Dear valued HUB SmartCoverage client: Unfortunately, due to the COVID-19 emergency causing extremely high traffic volume on the national phone system, wait times may be longer than usual. Should you get a message that the line is not in service, know that we remain open and ready to serve you. We recommend that you register for online self serve to submit your request. You may also try calling again. Either way, we’ll take care of you!
Electric luxury cars and sport utility vehicles may be 40 per cent more likely to cause accidents than standard engines, possibly because drivers are still not used to their quick acceleration, a recent study by French insurer AXA said.
With the growing popularity of EVs – nearly 3 million are expected to be sold globally this year, while 30 per cent of all vehicles are anticipated to be electric by 2040, according to expert estimates –AXA wanted to know what this meant for insurers, emergency responders and pedestrians.
The numbers, based on initial trends from the claims data which are not statistically significant, also suggest small and micro electric cars are slightly less likely to cause accidents than their internal combustion engine (ICE) counterparts.
When AXA ran its tests, electric cars versus ICE cars didn’t seem to fare too differently. But when you change classes, some differences were revealed. When the cars got bigger, so did the risk.
“We see the about 40 per cent more accidents in third-party liability with electric cars in the class of luxury and SUV,” Bettina Zahnd, head of accident research and prevention at AXA Switzerland, told Canadian Underwriter.
Electric cars accelerate not only quickly, but also equally strongly no matter how high the revolutions per minute, which means drivers can find themselves going faster than they intended.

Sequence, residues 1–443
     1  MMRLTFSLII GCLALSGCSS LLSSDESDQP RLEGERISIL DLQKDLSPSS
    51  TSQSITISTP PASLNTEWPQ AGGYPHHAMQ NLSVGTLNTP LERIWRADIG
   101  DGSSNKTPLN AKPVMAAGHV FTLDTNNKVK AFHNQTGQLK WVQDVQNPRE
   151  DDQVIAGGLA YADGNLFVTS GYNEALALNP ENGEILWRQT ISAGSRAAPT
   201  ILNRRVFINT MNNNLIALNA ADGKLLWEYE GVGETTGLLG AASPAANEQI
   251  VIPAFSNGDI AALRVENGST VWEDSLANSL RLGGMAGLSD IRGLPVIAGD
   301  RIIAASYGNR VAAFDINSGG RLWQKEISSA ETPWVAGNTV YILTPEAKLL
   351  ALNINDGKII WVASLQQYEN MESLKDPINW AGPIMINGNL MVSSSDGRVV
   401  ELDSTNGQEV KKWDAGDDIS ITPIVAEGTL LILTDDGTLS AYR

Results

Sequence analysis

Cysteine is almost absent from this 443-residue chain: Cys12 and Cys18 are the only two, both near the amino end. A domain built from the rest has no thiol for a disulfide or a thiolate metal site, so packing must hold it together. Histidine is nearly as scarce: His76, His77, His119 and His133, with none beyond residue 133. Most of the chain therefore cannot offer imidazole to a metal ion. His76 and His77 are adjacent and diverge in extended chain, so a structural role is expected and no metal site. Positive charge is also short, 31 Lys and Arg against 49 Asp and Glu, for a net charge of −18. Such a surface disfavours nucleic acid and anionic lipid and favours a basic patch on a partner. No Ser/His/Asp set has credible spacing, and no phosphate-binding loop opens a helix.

"Maximum acceleration is available immediately, while it takes a moment for internal combustion engines, even with strong horsepower to reach maximum acceleration," said Zahnd said in a statement. "That places new demands on drivers."
And that power can be overwhelming to some. The way Zahnd puts it: When you get a driver’s licence, you passed the test based on the vehicle you drove. That doesn’t mean you have the skills to drive any car available. “Electric cars do behave differently than normal cars and people need to know the differences and be aware of these differences. Especially in some extreme situations, you have to react very fast.”
She cautioned, however, that this was a preliminary study and more research is needed. The company conducted a 7,000-year test, the equivalent of 1,000 cars over seven years, Zahnd said.
Interestingly, half of electric car drivers surveyed this year by AXA said they had to adjust their driving to reflect the new acceleration and braking characteristics.
Meanwhile, another AXA survey showed most people do not know how to react if they come across an electric vehicle crash scene.
While most factors are the same — securing the scene, alerting rescue teams and providing first aid — it said helpers should also try to ensure the electric motor is turned off. This is important because unlike an internal combustion engine the motor makes no noise.
In serious crashes, electric autos’ high-voltage power plants automatically shut down, AXA noted, but damaged batteries can catch fire up to 48 hours after a crash, making it more difficult to deal with the aftermath of an accident. If the batteries catch fire, it can create intense heat and toxic fumes.
Zahnd said studies in Europe had not replicated U.S. findings that silent electric vehicles are as much as two-thirds more likely to cause accidents with pedestrians or cyclists.
But she said the jury was still out on how crash data would affect the cost of insuring electric versus standard vehicles, noting this always reflected factors around both driver and car.